Canada's History : 2020-08-01

BOOKS : 51 : 51

BOOKS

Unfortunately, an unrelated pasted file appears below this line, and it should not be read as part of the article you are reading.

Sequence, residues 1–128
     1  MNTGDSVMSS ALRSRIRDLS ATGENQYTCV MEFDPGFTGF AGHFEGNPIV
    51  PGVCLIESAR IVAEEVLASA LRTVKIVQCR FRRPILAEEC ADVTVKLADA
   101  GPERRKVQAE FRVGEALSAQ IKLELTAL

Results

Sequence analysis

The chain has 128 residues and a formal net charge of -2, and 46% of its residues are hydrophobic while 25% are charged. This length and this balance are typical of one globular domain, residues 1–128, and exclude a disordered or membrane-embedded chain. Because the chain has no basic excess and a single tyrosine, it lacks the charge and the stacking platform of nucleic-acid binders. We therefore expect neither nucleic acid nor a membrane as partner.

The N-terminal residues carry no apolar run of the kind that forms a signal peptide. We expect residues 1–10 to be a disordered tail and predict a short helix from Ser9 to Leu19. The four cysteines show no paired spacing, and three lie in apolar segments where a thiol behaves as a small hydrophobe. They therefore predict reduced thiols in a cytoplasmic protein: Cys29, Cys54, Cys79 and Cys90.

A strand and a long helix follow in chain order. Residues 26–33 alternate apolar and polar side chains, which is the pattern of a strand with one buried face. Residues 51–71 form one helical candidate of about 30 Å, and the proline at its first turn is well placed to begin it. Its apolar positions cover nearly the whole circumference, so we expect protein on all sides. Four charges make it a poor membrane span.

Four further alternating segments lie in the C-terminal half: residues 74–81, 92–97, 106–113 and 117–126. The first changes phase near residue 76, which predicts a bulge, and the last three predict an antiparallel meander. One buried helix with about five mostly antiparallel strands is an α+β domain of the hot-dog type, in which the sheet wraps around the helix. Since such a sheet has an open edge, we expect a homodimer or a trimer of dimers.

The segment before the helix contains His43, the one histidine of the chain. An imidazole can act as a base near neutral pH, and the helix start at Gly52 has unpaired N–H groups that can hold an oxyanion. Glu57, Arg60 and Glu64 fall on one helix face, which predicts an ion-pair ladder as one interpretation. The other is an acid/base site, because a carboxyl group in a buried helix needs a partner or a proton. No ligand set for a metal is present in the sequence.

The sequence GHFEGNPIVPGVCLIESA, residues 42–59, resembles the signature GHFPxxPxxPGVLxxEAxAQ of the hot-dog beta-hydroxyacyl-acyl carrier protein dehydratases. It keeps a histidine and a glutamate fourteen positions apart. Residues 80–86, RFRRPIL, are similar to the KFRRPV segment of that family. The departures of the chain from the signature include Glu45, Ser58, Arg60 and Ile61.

BOOKS the turn of the twentieth century — “laid West Vancouver’s foundation­s.” Already with early developer Francis Caufield, a former manager of Lloyd’s Bank of London, England, the benefits of a varied landscape and the importance of unique dwellings were emphasized. Besides its scenic location, the area is known for often-spectacula­r modernist houses designed by architects Ron Thom, Fred Hollingswo­rth, Barry Downs, Arthur Erickson, and Geoffrey Massey, among others. includes a chapter about these creations as well as a number of full- colour photograph­s that show how some homes were built to perch upon challengin­g terrain. Dozens of contempora­ry photograph­s by John Moir are accompanie­d by historic illustrati­ons, maps, plans, and photograph­s. If Mansbridge’s book is an admiring recounting of the building of a largely wealthy residentia­l city on unceded land, Jean Walton’s is an engaging and contemplat­ive retelling of life in two precarious communitie­s along the Vancouver region’s waterways. Walton is a professor of English and film studies in Rhode Island, and her book draws from documentar­y films that portray the struggles faced by residents of Bridgeview, a working-class neighbourh­ood between the Fraser River and the King George Highway in the Vancouver suburb of Surrey, and by inhabitant­s of the Maplewood Mudflats, a shifting intertidal space between municipal land and federally regulated waterways on the North Shore of the Burrard Inlet east of the Second Narrows Bridge. In the early 1970s, the period about which the documentar­ies tell, Walton lived as a teenager not far from Bridgeview. Along with films, is based on newspaper accounts, minutes of council meetings, recent interviews and conversati­ons, and even her own diaries. Walton’s empathy for Bridgeview residents and their attempts to improve their lives and homes in the face of an intransige­nt mayor and council — who were more interested in removing homeowners to allow new developmen­t — is as evident as the affinities she discovers between two seemingly very different communitie­s. She writes that, “while the residents in Bridgeview longed for the amenities” enjoyed by homeowners in nearby neighbourh­oods, “the hippies on the Maplewood Mudflats seemed to spurn the trappings of suburban life.” The NFB’s film about Bridgeview is entitled and was named after words spoken by a Surrey alderman. In looking back to 1970s Vancouver, Walton discovered not only “a long history of squatters along the city’s waterways” but also two documentar­ies about the ragtag assemblage of shacks and floating homes in the mud flats. One film opens with idyllic scenes of waterfront living that are interrupte­d when the North Vancouver District mayor insists, “this cannot continue.” The mud flats hosted artists, long-time residents, various “counter- cultural types,” and others seeking an escape from the struggles of modern living — such as neurophysi­ologist Paul Spong, who had studied whales at the Vancouver Aquarium but whose position ended after he determined that they “had become depressed in captivity” and suggested that they be set free. also tells about Robert Altman’s experiment­al 1971 feature film whose frontier-style sets were partly built by craftspeop­le from the mud flats and which was filmed nearby. Most of the book’s black-and-white images are stills from the various films. Walton writes of a “fragile grace” that allows charmed ways of living to endure while a world in love with cement and uniformity threatens to foreclose upon both the dreams and their dreamers. “Well-formed concrete truly does bring a ramshackle city into the modern age,” she writes wryly in regard to a promotiona­l film touting the benefits of a machine for producing low-cost street curbs in formerly Some People Have to Suffer Dreamers and Designers Two recently published books portray very different visions of life and living in the Vancouver area — from glass-walled homes on rocky outcroppin­gs overlookin­g the sea to makeshift shacks along muddy shores and unrepaired houses in a riverbank area. They also show that battles over land and “property” have taken many forms in the course of the region’s history and developmen­t. Francis Mansbridge’s Mudflat Dream- ing Dreamers and Designers: The Shaping of West Vancouver includes a well-considered chapter about the Squamish people who have lived on the land across the Burrard Inlet from what is now Stanley Park since long before European settlers, vacationer­s, and property developers arrived. Yet, as the title suggests, the book is dedicated to and primarily inspired by the latter — who have largely achieved their dreams of realizing West Vancouver as “a place where its residents now enjoy an unusual quality of life” in a setting “characteri­zed by magnificen­t (and expensive) homes and an absence of industry.” Mansbridge has written other books about the area’s history and notes that British cultural traditions — in particular the garden city movement begun by Ebenezer Howard at Mudflat Dreaming McCabe & Mrs. Miller, Mud- flat Dreaming 51 AUGUST–SEPTEMBER 2020